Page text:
I am a family practice physician, and I’ve known I’ve wanted to be a doctor since I was 4. I’m fairly intelligent, but I struggled in school and was never in the gifted program. Growing up, people would say to me, “You’re smart, why can’t you just ____.” I felt the same way, and had a low self-esteem and was hard on myself. I never felt like I fit in. I always wanted to, but I could never figure out what I was supposed to do.
When you have a chronic illness that affects multiple functions, your body quickly becomes a major focus in your life. I spend over 8 hours a day doing physical therapy routines, managing my feeding tubes and pump, setting up medical care, working with aides, and doing what I need to do to deal with pain and other symptoms. During periods when I am having new or worsening symptoms, I can have healthcare appointments 5 days a week. Since I use mass transit it usually takes an hour to an hour and a half to get anywhere, making an appointment an all day affair.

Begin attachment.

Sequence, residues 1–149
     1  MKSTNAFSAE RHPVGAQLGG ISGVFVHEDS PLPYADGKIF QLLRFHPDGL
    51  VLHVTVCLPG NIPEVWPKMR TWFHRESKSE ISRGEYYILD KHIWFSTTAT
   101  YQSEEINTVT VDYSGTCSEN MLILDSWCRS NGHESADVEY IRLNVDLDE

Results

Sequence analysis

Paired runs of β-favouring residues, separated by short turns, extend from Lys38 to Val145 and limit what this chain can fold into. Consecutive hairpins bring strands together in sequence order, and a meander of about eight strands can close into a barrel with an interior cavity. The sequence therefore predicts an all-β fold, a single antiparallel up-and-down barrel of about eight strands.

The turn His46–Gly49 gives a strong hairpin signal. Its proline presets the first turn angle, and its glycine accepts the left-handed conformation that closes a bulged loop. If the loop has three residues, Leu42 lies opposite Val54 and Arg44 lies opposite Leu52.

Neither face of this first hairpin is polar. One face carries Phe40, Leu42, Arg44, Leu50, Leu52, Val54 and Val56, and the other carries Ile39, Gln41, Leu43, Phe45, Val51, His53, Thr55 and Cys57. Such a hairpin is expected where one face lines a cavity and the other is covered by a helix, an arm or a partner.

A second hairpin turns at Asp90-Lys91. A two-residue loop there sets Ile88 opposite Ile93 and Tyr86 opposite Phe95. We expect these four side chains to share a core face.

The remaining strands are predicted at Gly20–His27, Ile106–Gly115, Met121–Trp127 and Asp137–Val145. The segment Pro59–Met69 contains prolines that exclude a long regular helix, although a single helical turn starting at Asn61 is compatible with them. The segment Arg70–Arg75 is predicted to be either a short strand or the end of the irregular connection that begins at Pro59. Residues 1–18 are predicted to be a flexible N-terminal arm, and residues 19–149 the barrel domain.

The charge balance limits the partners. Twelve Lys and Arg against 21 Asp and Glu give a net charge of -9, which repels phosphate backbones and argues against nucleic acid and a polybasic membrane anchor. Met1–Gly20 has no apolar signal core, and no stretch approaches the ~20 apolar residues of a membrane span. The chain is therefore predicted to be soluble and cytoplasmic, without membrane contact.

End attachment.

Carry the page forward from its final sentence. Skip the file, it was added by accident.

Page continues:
This was an exploration delivered at the First Universalist Church of Denver on 7/31/16,
I have always led an active life, and love all sorts of outdoor activities. People ask who I am and “A physician,” is part of the answer. That started to change in 2012, when I developed a progressive neurologic condition. Fatigue was one of my first symptoms and I had almost no energy to go out, let alone work. I haven’t lost interest in motorcycles, hiking, skiing, or skydiving, but many of the activities I love take too much energy to enjoy presently. I developed memory problems and was forced to stop practicing medicine because when a doctor forgets something, it’s usually pretty important. The wheelchair I now use due to mobility problems further limits what I can do and where I can go, as our society still has a long way to go with physical accessibility.